I show that highly educated millennial Americans search for employers that provide parental leave, and that women’s stronger willingness to pay for this benefit contributes to the early-career growth in the gender wage gap. Using an hedonic job search model, I estimate that workers are offered higher wages when hired by employers providing paid and unpaid parental leave, but women are willing to pay, respectively, 40% more and 56% more than men for these benefits. While all workers search for jobs and experience wage growth by entering firms offering both high pay and valuable benefits, the gender wage gap increases as young women accept lower wages, compared to men, upon receiving job offers from employers who provide parental leave. While the early-career growth in the gender wage gap would decline by 75% if willingness to pay for parental leave did not differ across genders, a policy mandating and subsidizing parental leave provision could itself halve the early-career wage-gap growth. The widespread availability of parental leave would lessen workers’ need to accept lower wages in exchange for its provision, reducing the gap in accepted wages between men and women entering leave-providing firms.
“The Underworked American? Explaining the Rise and Fall in Long Workweeks” (new draft available soon)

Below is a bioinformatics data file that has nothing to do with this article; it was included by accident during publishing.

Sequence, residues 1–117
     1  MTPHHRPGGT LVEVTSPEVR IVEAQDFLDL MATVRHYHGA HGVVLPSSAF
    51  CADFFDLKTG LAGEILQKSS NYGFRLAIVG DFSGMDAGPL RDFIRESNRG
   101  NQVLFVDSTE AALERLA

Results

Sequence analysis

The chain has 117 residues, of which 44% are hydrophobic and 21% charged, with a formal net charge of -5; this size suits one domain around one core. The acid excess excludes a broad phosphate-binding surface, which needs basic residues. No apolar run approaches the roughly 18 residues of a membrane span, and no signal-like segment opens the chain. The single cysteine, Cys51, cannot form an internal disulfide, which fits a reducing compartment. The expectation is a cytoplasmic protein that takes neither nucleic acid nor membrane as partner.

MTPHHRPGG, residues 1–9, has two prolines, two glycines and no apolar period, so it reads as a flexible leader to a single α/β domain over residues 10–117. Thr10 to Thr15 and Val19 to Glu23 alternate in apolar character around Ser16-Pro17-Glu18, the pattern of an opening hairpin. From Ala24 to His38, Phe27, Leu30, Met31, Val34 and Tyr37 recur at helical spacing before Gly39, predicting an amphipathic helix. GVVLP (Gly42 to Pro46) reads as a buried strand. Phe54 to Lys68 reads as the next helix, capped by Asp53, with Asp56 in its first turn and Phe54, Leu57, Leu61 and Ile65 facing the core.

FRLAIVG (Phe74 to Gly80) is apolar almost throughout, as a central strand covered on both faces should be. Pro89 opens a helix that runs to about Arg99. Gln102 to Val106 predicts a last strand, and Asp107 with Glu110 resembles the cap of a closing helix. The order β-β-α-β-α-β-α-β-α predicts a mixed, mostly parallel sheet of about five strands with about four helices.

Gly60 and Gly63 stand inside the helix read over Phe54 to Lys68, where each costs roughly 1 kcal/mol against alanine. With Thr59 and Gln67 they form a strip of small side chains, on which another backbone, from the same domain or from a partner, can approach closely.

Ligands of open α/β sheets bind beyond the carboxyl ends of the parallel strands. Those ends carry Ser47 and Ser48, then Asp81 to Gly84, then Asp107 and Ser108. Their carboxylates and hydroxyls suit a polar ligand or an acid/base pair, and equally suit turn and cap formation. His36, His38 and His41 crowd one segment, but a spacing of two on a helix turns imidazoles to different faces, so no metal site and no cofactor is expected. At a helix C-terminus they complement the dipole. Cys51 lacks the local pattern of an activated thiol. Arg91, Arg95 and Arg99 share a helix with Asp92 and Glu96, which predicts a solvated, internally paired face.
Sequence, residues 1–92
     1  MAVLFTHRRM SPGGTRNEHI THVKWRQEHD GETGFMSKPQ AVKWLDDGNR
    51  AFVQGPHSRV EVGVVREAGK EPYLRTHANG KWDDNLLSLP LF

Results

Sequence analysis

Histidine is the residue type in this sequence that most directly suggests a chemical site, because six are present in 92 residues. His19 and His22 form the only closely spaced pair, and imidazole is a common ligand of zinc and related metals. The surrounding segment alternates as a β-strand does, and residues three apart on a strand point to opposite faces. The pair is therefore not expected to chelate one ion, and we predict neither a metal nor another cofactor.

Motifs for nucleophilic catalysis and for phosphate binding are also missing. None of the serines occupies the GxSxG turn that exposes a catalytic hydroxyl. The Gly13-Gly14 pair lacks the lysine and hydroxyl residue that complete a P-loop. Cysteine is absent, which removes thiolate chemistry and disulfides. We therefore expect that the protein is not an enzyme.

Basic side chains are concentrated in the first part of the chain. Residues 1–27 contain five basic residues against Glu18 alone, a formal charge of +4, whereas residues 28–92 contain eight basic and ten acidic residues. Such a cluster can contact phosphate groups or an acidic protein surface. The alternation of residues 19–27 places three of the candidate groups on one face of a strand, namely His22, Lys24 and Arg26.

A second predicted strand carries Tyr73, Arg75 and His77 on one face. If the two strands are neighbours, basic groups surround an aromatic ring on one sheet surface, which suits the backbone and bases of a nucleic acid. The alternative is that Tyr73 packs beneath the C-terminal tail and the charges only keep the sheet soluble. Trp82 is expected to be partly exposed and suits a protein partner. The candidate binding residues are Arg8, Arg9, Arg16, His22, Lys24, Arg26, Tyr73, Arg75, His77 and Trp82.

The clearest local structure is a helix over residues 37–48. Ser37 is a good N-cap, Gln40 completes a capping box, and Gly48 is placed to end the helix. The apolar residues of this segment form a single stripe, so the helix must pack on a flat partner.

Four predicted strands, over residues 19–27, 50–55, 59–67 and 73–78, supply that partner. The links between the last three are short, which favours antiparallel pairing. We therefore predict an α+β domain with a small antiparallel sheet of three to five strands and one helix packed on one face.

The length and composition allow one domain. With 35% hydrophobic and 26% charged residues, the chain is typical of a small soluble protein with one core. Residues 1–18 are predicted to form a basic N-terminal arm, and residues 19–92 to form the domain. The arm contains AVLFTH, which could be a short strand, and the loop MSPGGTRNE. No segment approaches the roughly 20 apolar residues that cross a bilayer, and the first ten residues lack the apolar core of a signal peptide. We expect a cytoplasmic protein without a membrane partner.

I document that work-hours have been increasing in the United States between the 1980s and the mid-1990s, before steadily declining until the end of the 2010s. These trends were predominantly driven by secular changes in the share of young, salaried employees working long hours (more than 40 hours per week) in high-pay jobs. Using a Gicheva (2013)-type model where long work-hours increase young workers’ promotion probabilities in career-oriented jobs, I show that the inverted U-shaped trend in overtime work can be explained by changes in labor demand that increased (in the 1980s-1990s) and decreased (in the 2000s- 2010s) the life-cycle wage premia that young employees expect to obtain when supplying overtime work hours. In the model, changes to the life-cycle wage premia from working long hours also result into changes in the spread of permanent income across employees supplying different amounts of work-hours. I then estimate long-run trends in persistent and transitory wage dispersion and show that persistent wage dispersion grew in the 1980s and 1990s and declined thereafter. Thus, the increase and decline of life-cycle wage premia for working long hours reconcile the inverted U-shaped trends both in overtime work and in persistent wage dispersion. These results are suggestive that, after surging in the 1980s and 1990s, the “fortunes of the youth” (Beaudry, Green & Sand 2014) may have been declining later on, due to shifts in labor demand that flattened the life-cycle wage profiles that young, salaried employees can obtain when supplying long work-hours.